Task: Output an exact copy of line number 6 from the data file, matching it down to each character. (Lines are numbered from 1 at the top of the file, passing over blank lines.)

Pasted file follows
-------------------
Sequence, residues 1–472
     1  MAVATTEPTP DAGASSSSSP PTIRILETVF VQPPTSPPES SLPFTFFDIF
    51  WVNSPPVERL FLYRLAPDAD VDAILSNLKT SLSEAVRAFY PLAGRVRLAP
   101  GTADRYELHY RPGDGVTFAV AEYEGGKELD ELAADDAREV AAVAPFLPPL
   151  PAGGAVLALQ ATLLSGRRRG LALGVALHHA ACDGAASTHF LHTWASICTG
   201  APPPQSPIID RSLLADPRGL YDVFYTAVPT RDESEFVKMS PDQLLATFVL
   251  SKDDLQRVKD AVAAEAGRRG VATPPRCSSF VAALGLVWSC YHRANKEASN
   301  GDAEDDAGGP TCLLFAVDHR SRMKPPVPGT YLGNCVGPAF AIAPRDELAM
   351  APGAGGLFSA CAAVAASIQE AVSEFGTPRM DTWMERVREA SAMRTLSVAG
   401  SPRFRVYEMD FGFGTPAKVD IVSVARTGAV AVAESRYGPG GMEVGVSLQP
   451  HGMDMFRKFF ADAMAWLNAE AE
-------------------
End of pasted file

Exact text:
   201  APPPQSPIID RSLLADPRGL YDVFYTAVPT RDESEFVKMS PDQLLATFVL